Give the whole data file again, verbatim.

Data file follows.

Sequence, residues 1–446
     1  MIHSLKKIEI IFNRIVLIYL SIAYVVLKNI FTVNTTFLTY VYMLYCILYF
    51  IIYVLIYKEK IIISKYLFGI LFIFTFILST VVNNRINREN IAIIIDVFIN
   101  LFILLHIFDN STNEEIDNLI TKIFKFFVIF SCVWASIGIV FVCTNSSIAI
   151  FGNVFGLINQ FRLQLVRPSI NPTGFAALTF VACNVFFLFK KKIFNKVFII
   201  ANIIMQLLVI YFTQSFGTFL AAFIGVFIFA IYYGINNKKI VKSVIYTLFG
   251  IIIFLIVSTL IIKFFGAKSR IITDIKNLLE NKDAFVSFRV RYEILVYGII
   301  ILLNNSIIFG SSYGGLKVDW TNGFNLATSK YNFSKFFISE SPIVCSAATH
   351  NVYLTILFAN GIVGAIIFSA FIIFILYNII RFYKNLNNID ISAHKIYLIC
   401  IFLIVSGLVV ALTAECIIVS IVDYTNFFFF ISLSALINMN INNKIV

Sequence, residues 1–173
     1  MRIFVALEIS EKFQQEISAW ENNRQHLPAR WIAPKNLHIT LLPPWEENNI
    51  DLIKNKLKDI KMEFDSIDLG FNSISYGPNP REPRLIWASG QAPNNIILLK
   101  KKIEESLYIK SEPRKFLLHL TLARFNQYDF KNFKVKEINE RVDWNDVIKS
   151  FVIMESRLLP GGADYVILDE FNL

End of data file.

Sequence, residues 1–446
     1  MIHSLKKIEI IFNRIVLIYL SIAYVVLKNI FTVNTTFLTY VYMLYCILYF
    51  IIYVLIYKEK IIISKYLFGI LFIFTFILST VVNNRINREN IAIIIDVFIN
   101  LFILLHIFDN STNEEIDNLI TKIFKFFVIF SCVWASIGIV FVCTNSSIAI
   151  FGNVFGLINQ FRLQLVRPSI NPTGFAALTF VACNVFFLFK KKIFNKVFII
   201  ANIIMQLLVI YFTQSFGTFL AAFIGVFIFA IYYGINNKKI VKSVIYTLFG
   251  IIIFLIVSTL IIKFFGAKSR IITDIKNLLE NKDAFVSFRV RYEILVYGII
   301  ILLNNSIIFG SSYGGLKVDW TNGFNLATSK YNFSKFFISE SPIVCSAATH
   351  NVYLTILFAN GIVGAIIFSA FIIFILYNII RFYKNLNNID ISAHKIYLIC
   401  IFLIVSGLVV ALTAECIIVS IVDYTNFFFF ISLSALINMN INNKIV

Sequence, residues 1–173
     1  MRIFVALEIS EKFQQEISAW ENNRQHLPAR WIAPKNLHIT LLPPWEENNI
    51  DLIKNKLKDI KMEFDSIDLG FNSISYGPNP REPRLIWASG QAPNNIILLK
   101  KKIEESLYIK SEPRKFLLHL TLARFNQYDF KNFKVKEINE RVDWNDVIKS
   151  FVIMESRLLP GGADYVILDE FNL